328 views

How is it possible to pull out derivatives of a wavefunction?

In an early derivation, the following equation was stated: $$\frac\partial{\partial t}\lvert\psi\rvert^2 = \frac{i\hbar}{2m}\biggl(\psi^*\frac{\partial^2\psi}{\partial x^2} - ...
2
votes
1answer
41 views

Local Coordinate Expressions for Lie Derivatives

I'm currently working through the math chapters of Norbert Straumann's book on General Relativity. I have trouble understanding the coordinate expression of the Lie derivative of a basis vector. The ...
0
votes
1answer
43 views

Why trajectories approach to origin tangent to the slower direction?

I am reading non-linear dynamics from Strogartz. Suppose, I have two solutions of a non linear system: $x(t) = x_0e^{at}$ and $y(t) = y_0e^{-t}$, where $a\in \mathbb{R}$. Now it is clear that,for ...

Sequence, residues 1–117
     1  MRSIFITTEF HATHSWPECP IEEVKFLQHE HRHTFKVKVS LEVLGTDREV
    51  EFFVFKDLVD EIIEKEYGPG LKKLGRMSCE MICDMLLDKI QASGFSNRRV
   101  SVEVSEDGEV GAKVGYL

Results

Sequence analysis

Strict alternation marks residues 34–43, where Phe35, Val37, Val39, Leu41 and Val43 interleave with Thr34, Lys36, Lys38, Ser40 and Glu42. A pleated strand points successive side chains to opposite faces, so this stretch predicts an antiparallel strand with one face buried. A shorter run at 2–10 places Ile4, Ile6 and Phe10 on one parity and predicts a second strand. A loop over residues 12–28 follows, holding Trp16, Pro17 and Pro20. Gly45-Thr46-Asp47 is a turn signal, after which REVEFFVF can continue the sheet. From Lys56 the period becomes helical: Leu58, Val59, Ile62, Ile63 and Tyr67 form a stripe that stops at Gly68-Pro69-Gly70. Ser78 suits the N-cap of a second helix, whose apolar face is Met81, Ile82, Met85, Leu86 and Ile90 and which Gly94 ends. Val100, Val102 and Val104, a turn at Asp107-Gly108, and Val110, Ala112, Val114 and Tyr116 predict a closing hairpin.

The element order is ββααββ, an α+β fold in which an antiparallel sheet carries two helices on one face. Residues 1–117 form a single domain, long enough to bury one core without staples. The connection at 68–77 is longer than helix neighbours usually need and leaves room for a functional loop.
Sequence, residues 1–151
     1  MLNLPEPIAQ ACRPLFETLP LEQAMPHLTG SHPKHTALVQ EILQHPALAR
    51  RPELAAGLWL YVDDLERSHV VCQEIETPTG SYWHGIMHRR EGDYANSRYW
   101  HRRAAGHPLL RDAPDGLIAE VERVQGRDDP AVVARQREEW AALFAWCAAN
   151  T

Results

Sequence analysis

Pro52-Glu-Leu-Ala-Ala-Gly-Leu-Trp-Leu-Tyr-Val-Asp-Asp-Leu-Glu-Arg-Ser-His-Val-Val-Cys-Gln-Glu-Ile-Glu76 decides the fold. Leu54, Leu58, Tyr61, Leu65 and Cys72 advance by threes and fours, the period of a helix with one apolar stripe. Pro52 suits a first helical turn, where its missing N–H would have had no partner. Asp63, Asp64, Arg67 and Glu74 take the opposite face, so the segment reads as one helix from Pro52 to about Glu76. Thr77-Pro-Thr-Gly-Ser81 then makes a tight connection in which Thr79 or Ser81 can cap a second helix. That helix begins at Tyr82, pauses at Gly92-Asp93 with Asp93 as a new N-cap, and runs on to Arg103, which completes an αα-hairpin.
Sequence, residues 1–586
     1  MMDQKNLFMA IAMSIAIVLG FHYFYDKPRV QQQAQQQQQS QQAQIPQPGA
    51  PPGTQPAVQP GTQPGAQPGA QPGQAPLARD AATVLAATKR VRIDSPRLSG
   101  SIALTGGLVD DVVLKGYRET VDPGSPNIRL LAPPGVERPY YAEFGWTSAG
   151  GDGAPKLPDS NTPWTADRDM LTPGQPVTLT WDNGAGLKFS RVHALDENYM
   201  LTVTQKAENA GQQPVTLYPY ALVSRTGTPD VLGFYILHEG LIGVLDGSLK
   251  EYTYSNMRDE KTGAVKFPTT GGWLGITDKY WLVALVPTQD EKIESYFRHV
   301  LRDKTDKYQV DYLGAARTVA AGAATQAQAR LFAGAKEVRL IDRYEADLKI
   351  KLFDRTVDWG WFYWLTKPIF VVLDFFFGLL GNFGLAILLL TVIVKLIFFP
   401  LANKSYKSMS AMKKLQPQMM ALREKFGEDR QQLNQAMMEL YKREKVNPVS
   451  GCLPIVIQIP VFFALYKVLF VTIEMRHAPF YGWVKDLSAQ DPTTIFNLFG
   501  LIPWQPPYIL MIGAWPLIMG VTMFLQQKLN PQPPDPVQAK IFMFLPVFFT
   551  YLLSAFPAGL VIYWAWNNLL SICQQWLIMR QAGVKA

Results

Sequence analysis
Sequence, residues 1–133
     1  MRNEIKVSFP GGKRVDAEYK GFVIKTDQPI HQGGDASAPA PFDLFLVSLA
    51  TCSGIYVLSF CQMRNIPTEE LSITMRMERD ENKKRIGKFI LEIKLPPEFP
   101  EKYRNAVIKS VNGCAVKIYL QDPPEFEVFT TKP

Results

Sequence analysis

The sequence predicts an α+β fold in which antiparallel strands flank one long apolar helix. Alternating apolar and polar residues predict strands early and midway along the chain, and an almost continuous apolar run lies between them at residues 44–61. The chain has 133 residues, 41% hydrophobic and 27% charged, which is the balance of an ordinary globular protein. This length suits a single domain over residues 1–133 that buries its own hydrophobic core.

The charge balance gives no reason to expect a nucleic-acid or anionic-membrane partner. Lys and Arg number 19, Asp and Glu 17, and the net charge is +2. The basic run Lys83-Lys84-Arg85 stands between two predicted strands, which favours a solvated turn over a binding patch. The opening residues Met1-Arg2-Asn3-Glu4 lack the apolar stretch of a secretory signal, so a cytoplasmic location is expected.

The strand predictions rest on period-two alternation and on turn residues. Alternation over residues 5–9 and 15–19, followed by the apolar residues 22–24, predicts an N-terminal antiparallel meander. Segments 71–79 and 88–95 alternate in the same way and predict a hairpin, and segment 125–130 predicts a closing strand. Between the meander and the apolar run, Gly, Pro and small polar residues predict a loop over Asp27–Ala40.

0
votes
3answers
119 views

Can a particle have no instantaneous velocity at all points of the path taken but a finite average velocity?

I have a question on kinematics. Say the path traced by a particle is given by a Koch curve or Koch snowflake. Now consider the particle starts from some arbitrary point $A$ on the curve and ...
-2
votes
3answers
1k views

Derivative of kinetic energy [closed]

I read that the derivative of kinetic energy=$F\cdot v$. I tried to differentiate (1/2) mv^2 with respect to time but each time I am getting $m*v$ and not $m*a*v$ which solves to $F*v$. My efforts are ...
0
votes
2answers
67 views

Is resistance the gradient in a $V/I$ graph?